Ed Platt, Automation and Analytics Director at Omnicell International, describes a step-by-step process for implementing automation technologies across NHS.

There are enough tried and tested technology solutions today to all but eradicate prescription and administration errors from across the healthcare system. It is therefore all the more concerning that 6,000 people were harmed and 29 died last year in England following prescription errors.

Data from NHS England, via the National Reporting and Learning System (NRLS), reveals that almost one in six Trusts in England do not even have a funded plan in place to reduce these errors via electronic prescribing systems – an issue raised in the media recently by Peter Walsh, Chief Executive of Action against Medical Accidents.

It seems baffling that not all Trusts have a suitable plan for adoption of electronic prescribing – why is the adoption of digital technology and more specifically, automation solutions, not front of mind? The UK’s Prime Minister, Rishi Sunak, echoed this message at the recent Confederation of British Industry (CBI) conference in Birmingham, when he called for more investment in automation and technological innovation as part of NHS reforms.

For any Trust at the moment, there is a lot of ‘fire-fighting’ taking place in terms of resources. In the aftermath of Covid, Trusts have had to be focused on a ‘recovery’ strategy, with the added burden of staff retention and recruitment issues. These are, understandably, posing extreme funding challenges and the job of leadership teams is not to be envied.

With a need to justify investment at such a testing time in the sector, many are finding it hard to put a number on the cost of such errors. According to studiesi, one in ten doses are not given to patients. However, many errors are also under-reported, so hypothesising a number to make a clear-cut case for investment in automation is almost impossible. It is simply not possible to monetise the impact of medication errors to show the economic effect. It is no wonder, therefore, that many Trusts are finding it hard to commit to a plan, despite having an intuitive feeling that they should invest in this area.

I know from personal experience the challenges nursing and pharmacy staff within hospitals are faced with when it comes to medication management; one hospital I visited recently required nurses to locate patient medication from 17 different locations across the ward with the patient and his/her needs at the very core of their service. This is simply not sustainable and makes the risk of mistakes undoubtedly higher. But broad-based challenges such as this, which are difficult to measure, are always going to be secondary for Trusts when compared with the most pressing and immediate concerns.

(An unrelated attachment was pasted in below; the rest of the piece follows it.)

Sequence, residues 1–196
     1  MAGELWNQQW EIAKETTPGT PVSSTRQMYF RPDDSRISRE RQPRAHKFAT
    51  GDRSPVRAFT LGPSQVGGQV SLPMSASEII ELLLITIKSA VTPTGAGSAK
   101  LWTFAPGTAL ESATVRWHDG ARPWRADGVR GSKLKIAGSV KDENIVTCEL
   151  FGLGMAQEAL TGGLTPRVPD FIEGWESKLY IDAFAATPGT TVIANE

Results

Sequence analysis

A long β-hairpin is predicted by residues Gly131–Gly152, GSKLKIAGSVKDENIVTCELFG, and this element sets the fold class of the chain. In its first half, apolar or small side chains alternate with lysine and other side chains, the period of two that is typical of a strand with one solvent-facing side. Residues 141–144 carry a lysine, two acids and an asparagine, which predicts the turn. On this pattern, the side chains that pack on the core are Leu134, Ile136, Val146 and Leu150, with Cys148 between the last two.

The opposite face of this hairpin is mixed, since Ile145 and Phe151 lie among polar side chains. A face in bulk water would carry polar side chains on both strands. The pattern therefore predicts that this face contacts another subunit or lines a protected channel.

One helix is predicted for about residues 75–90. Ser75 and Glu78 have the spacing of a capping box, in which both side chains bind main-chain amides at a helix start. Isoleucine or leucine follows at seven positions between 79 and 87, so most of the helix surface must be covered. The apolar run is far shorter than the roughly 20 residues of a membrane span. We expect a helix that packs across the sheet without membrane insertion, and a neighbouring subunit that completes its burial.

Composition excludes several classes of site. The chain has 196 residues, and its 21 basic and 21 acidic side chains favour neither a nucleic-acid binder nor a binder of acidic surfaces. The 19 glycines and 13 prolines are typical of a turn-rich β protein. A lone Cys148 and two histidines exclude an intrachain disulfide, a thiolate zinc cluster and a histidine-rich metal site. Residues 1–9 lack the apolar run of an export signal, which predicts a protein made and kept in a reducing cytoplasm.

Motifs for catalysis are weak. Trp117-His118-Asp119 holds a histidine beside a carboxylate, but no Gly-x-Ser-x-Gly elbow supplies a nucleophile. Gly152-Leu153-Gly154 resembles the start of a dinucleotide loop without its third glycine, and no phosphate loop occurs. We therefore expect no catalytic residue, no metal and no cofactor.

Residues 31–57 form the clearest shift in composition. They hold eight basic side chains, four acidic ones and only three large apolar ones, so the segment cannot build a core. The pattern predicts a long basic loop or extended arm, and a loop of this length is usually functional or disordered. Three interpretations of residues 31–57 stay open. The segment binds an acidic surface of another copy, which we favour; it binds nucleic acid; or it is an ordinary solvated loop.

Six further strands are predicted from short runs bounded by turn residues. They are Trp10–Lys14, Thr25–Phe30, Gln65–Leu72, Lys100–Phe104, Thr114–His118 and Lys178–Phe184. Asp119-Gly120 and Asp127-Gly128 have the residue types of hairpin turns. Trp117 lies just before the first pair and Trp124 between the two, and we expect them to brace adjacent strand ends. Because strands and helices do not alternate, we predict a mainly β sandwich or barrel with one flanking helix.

The ‘gold standard’ for any hospital should be electronic prescribing with automation. These two go hand-in-hand to ensure: improved patient safety; fewer medication errors; fewer missed doses; fewer drugs wasted; fewer instances of out-of-stock medicines, and reduced clinical staff time spent preparing and dispensing medication.

The impact of automation can swiftly be felt across an organisation, especially when key issues such as staff morale are considered. Automation takes the headache out of mundane and repetitive tasks, meaning clinical staff can concentrate on patient care, with a reduced workload and can do what they joined the NHS to do. The process should place patients at the heart of the service, to understand their medicine requirements and feel empowered. importantly, it will also facilitate the faster discharge of patients, either back home or into a community-based care setting, whilst eliminating avoidable waste in the system.

For successful investment and implementation of automation in any NHS Trust, I would recommend the following 7-step process to ensure success:

Ø Assess and understand your organisation’s current challenges – consider the hospital’s geography, ward layout, supply chain from central pharmacy to wards, discharge processes, workflows, date quality and current and future digital systems.

Ø Integration with existing digital systems – can it integrate seamlessly with existing solutions – both electronic prescribing systems and electronic patient record systems? The ability to integrate will help optimise both workflow and data visibility.

Ø Change management – The successful adoption of technology includes the need to have a solid change management plan in place. Immediate employee engagement is key for bringing about change in the workplace – employees have to be part of the planning as much as the execution. Ensure pharmacy, nursing teams and digital leaders work together to put a holistic solution in place.

Ø Training – Ensure there is a clear training plan, clear SOPs, roles and responsibilities, and an ongoing training strategy to maintain standards.

Ø Adoption – It is essential to work with the right partners. Technology solution providers need to spend time on site understanding different workflows in various departments and provide expert guidance on how technology can best be used to make significant time and cost savings very quickly. This should be scalable from a ward, to a hospital, Trust and ICS so that consistent standards and workflows can be adopted.

Ø Execution – A go-live with the correct resource, clear clarity of the future state, at the shoulder support and swift resolution to any challenges.

Ø Life-support and follow-up – Experts should be on-hand to provide guidance and communication materials, and tailor, where possible, the technology to suit the specific case required by the hospital. Clear metrics and measurements to determine the expected outcomes ought to be in place.